Moreover, it is important to realize that this tax hike would come on top of the tax hikes that President Obama is seeking as part of the fiscal‐cliff talks. If the president were to get the tax increase on “unearned income” that he is currently demanding, adding Obamacare’s tax hikes on high‐income Americans would bring the total tax on interest and dividends for these people to 43.4 percent, while the tax on capital gains would hit 23.8 percent. Talk about falling off a cliff.
Perhaps the next time that President Obama gives yet another speech about how the rich are not paying their fair share, he might at least pause to point out that their taxes are already going up.
Of course, it is not just the “rich” who will be hit with Obamacare taxes next year. Nearly 30 million workers, most of them middle‐class, currently participate in Flexible Spending Account programs at work. Next year, the maximum tax‐exempt contribution to those accounts will be cut in half, from $5,000 to just $2,500. That change will hit nearly 5.7 million workers who currently exceed the $2,500 cap, and will now have to pay more of their medical bills with after‐tax dollars.
Middle‐class workers will also be among the biggest losers from the changes that Obamacare imposes on tax‐deductible medical expenses. Currently, Americans can take a tax deduction for medical expenses above 7.5 percent of their adjusted gross income (AGI). According to the most recent IRS data, 6 percent of all taxpayers, 7.5 million Americans, took advantage of this provision. But starting next year, that floor will be raised to 10 percent of AGI, meaning that millions of middle‐class workers will lose this deduction. Among those most likely to feel the pinch are older and sicker workers, especially older workers and near‐retirees with limited incomes but high medical bills. For a family with an adjusted income of $80,000 per year and medical expenses of just under $8,000 per year, a not uncommon situation, this amounts to a $500 tax hike.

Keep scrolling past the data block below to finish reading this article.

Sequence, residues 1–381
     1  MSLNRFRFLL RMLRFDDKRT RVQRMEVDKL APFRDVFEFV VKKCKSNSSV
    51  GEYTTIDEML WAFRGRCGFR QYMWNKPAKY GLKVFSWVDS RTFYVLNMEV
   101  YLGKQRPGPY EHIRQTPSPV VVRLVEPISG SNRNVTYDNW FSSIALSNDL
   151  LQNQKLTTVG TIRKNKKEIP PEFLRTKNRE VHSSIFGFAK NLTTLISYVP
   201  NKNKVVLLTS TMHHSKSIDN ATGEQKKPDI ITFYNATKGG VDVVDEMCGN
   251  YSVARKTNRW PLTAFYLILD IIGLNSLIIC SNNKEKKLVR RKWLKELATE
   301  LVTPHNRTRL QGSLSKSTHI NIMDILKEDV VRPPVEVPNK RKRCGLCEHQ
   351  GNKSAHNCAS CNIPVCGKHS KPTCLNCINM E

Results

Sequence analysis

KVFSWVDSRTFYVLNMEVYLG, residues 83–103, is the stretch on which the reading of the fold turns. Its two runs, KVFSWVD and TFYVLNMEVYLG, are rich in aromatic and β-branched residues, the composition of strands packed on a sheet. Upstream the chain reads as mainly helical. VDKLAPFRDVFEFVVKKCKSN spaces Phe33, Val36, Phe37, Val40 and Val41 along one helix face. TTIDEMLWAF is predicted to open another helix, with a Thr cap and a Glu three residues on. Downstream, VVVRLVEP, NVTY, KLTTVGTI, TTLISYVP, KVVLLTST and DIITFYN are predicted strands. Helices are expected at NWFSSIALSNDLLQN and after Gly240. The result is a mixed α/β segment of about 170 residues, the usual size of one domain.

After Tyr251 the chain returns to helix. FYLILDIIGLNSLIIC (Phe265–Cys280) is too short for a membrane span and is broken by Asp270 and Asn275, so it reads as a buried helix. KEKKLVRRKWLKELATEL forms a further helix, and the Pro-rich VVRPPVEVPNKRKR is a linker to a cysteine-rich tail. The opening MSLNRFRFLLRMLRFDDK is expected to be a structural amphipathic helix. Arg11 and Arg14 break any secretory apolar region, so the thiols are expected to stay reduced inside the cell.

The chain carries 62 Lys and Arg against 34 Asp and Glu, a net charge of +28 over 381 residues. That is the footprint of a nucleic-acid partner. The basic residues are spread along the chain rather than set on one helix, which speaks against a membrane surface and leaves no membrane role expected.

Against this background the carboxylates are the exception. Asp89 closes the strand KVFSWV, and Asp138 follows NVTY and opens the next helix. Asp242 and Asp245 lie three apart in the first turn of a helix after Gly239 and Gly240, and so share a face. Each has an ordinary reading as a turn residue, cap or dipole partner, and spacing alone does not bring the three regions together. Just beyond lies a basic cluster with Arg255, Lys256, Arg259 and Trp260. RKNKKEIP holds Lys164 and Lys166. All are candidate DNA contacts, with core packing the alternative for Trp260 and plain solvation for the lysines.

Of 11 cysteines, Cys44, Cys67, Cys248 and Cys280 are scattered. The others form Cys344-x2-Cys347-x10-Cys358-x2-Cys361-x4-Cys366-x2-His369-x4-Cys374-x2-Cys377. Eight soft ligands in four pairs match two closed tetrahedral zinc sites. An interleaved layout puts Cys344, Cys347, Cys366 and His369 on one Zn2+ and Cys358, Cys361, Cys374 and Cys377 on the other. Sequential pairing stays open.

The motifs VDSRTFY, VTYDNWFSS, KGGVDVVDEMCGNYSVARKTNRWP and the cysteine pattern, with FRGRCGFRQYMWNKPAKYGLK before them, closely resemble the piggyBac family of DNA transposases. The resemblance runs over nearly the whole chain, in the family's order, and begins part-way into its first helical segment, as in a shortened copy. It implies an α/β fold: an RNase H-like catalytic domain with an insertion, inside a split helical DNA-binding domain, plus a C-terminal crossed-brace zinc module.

The government expects to raise $40 billion from these two Obamacare provisions, but workers will be left poorer.
Workers will also be indirectly socked with the cost of Obamacare’s new business taxes. For example, next year there will be a new 2.3 percent excise tax on medical‐device manufacturers. Especially pernicious, this tax is assessed against a firm’s total revenue rather than its adjusted income, making the real impact far greater than for a traditional income tax of the same size. While the industry’s 360,000 employees could pay the highest price in lost jobs and lower wages, all of us could end up paying more in higher medical costs, as much of the tax will be passed on in higher prices. We can expect everything from pacemakers to wheelchairs to become more expensive.
All of this is only round one of Obamacare’s taxes. Another wave of Obamacare tax hikes will hit in 2014, including the individual‐mandate “tax,” courtesy of John Roberts, that is expected to fall on as many as 6 million workers, as well as the tax accompanying Obamacare’s employer mandate. There will also be another batch of business taxes, including some levied on hospitals and insurers. Notably, there is a new assessment levied on health plans for three years starting in 2014, designed to raise $25 billion to cushion health‐insurance companies from the costs of covering people with pre‐existing conditions. This just‐announced fee, which will start at $63 per person and fall on employer and individual health plans covering an estimated 190 million Americans, appears to be the latest invention of the far‐reaching discretion granted to HHS under the health‐care law. HHS has also recently announced that it has given itself the power to impose a 3.5 percent premium tax on insurers who participate in Obamacare’s federally run insurance exchanges.
And farther down the road lurks the 40 percent excise tax on “Cadillac” insurance plans. That tax will hit in 2018.
That amounts to a lot of taxes — even without the fiscal‐cliff hikes — which would be bad enough even if it paid for Obamacare. But, of course, it doesn’t. If one accounts for all of Obamacare’s costs, such as implementation costs that are “authorized but not appropriated,” and eliminates double counting of Medicare savings and other bookkeeping games, Obamacare will add roughly $1.5 trillion to the debt over the next ten years — coincidentally, almost as much as President Obama is seeking in non‐Obamacare tax hikes.
More taxes, more debt: Welcome to the other cliff.